On the 5th of February 2016 Viktoria Vukics left me a comment/question in the original bay leaf post from September 7th, 2010:
"Hello there! Thanks for this interesting article. It's so good that someone has cleared up this pseudo-myth on a scientific basis. There's so often confusion about the uses and safety of herbs. I also heard the bay seeds to be poisonous. Do you think it's true? One even says that it's unsafe to crush or press the berries to obtain the fixed oil. I would appreciate your opinion on the matter, Victoria"
I am quite busy these days; it took me a while to be able to find reliable documentation supporting an answer. Here is what I could find with some solid scientific basis.
The bay tree contains small fragrant black (when ripen) shiny olive-like berries of about 1.3 cm long. These are apparently edible as there are anecdotal reports that birds actually love them. Even though historically the berries have been used mainly for medicinal purposes, a lot of the information available on the web regarding how edible or toxic these berries are, comes from popular knowledge. But two very good articles point towards their safety.
The berries of Bay Laurel contain among other essential oils, eugenol, acetyl eugenol, methyl eugenol, terpineol, cineol, geraniol and 1-8-cineole  . These are responsible for the attractive spicy aroma in them. Some people report that infusion containing such berries relieve flatulence and can soothe gastric problems. I personally could not find any scientific suggestions on the flatulence part. However, these berries are quite substantially used in the food industry as seasoning and coloring agents for soups, meat, fish, beverages, etc, and even as food preservatives due to their proven antimicrobial potency (capable of inactivating for instance E. coli, S. typhimurium and S. aureus ) and also showing some potential as insecticide .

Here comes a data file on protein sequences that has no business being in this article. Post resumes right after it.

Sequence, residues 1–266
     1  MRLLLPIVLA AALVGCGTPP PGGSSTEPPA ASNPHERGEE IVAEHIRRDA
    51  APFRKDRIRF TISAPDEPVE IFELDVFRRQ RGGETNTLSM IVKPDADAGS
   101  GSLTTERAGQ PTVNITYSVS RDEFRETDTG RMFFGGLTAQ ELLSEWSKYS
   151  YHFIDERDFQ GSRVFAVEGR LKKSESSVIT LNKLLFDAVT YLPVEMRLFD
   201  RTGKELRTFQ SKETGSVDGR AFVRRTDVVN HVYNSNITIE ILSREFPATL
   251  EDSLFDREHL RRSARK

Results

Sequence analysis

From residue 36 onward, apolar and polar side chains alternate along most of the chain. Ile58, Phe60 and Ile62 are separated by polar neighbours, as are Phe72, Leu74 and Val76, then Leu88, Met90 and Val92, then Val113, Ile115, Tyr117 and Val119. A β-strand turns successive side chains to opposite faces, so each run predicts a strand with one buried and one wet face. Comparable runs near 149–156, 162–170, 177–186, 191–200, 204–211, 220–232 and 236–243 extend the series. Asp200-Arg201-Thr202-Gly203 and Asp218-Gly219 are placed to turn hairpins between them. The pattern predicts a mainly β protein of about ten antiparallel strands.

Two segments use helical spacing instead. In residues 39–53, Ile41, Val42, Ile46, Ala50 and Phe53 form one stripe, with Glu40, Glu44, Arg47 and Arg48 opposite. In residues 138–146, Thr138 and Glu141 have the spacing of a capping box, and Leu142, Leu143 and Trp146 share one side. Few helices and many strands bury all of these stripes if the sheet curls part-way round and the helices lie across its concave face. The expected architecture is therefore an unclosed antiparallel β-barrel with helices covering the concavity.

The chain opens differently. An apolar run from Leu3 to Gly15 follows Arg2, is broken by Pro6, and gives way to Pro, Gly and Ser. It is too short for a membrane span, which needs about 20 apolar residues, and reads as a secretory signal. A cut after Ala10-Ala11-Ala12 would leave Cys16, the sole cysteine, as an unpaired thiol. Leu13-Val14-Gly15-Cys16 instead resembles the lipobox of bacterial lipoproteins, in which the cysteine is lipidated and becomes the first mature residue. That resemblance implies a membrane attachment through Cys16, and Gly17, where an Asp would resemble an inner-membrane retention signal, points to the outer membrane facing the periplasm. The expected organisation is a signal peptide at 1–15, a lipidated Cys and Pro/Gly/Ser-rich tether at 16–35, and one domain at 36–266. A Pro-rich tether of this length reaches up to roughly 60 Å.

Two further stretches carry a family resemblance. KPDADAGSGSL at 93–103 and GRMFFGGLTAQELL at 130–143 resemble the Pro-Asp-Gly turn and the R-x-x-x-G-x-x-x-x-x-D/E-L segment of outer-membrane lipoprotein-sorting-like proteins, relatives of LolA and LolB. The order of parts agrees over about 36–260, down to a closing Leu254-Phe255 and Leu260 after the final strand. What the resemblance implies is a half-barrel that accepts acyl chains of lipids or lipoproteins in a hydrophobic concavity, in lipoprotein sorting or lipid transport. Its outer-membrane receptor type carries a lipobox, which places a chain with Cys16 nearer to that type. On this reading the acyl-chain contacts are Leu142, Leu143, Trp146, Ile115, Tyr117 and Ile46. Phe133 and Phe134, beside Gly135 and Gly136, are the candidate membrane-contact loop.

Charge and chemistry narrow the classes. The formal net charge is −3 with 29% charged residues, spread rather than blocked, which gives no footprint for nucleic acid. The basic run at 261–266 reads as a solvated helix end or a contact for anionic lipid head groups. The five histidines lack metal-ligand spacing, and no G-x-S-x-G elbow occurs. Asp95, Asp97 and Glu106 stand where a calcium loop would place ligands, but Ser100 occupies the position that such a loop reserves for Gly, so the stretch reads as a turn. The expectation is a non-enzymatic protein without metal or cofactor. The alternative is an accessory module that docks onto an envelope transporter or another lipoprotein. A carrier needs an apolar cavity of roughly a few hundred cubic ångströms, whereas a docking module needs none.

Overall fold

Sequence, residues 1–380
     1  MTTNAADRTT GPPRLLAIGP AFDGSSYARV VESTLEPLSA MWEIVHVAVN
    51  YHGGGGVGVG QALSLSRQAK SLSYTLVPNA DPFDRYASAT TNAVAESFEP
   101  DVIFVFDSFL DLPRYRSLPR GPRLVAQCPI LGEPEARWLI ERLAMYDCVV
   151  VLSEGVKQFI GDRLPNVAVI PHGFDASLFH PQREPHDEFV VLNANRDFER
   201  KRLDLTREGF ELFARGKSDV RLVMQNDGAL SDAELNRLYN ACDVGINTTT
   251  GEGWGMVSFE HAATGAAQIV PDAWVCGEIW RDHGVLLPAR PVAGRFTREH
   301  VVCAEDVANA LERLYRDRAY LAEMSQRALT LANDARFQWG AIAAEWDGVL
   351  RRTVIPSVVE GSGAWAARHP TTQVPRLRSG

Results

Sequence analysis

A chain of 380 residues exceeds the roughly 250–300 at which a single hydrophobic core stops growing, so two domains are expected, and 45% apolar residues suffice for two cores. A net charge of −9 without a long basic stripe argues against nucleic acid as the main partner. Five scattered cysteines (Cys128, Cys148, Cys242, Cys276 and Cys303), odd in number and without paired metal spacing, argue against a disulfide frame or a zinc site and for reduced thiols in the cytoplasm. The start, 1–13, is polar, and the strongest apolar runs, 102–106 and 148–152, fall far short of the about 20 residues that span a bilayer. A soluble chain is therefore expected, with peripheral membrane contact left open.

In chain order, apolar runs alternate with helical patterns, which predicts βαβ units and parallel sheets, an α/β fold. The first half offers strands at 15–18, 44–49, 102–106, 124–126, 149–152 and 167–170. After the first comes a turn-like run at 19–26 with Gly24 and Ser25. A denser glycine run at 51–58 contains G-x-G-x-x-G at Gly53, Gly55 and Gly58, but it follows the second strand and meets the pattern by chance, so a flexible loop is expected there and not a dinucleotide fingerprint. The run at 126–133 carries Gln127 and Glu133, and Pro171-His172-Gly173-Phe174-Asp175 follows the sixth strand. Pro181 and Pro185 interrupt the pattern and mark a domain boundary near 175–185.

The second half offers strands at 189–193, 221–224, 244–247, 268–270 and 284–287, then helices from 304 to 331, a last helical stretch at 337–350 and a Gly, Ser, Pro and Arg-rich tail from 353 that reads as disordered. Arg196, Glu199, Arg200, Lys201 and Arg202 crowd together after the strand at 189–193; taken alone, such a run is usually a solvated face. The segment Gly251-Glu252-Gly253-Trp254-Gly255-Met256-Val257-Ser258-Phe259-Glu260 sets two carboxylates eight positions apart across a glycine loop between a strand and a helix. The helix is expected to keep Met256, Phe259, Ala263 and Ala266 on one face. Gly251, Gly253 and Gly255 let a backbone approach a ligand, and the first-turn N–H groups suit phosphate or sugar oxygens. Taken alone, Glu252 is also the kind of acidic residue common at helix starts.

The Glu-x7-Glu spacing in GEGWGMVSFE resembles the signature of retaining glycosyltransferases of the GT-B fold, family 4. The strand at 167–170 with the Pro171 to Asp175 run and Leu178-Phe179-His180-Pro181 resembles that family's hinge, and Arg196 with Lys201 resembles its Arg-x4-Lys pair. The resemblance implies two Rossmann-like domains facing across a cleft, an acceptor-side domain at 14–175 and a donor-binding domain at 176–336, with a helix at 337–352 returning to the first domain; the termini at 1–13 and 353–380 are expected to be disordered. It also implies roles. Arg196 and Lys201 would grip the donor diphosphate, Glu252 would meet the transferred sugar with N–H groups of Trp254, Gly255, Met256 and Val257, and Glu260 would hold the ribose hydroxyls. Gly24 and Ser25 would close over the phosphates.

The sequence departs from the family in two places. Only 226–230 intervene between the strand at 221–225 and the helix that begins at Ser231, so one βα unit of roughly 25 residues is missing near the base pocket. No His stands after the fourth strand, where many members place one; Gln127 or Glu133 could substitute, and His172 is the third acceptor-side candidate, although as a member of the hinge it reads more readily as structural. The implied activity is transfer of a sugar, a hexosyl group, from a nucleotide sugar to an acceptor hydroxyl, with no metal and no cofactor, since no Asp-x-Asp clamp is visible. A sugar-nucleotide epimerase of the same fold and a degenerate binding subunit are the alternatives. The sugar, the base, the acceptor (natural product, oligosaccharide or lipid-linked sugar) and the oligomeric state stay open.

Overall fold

In conclusion, the Laurus nobilis berries are a good natural source of anthocyanins; these are non-toxic water-soluble vacuolar pigments that change color depending on pH, and have antioxidant properties.
 Laurus Nobilis, Floridata Plant Encyclopaedia, [http://www.floridata.com/Plants/Lauraceae/Laurus%20nobilis/733], last visited on the 29th of February 2016, last updated on the 24th of February 2005.
 Longo, L and Vasapollo, G. (2005). "Anthocyanins from Bay (Laurus nobilis L.) Berries". Journal of Agricultural and Food Chemistry, 53, pp. 8063-8067.
 Dadalioglu, I. and Evrendilek, G. A. (2004). "Chemical compositions and antibacterial effects of essential oils of Turkish oregano (Origanum minutiflorum), Bay Laurel (Laurus nobilis), Spanish Lavender (Lavandula stoechas L.), and Fennel (Foeniculum vulgare) on common foodborne pathogens". Journal of Agricultural and Food Chemistry, 52, pp. 8255-8260.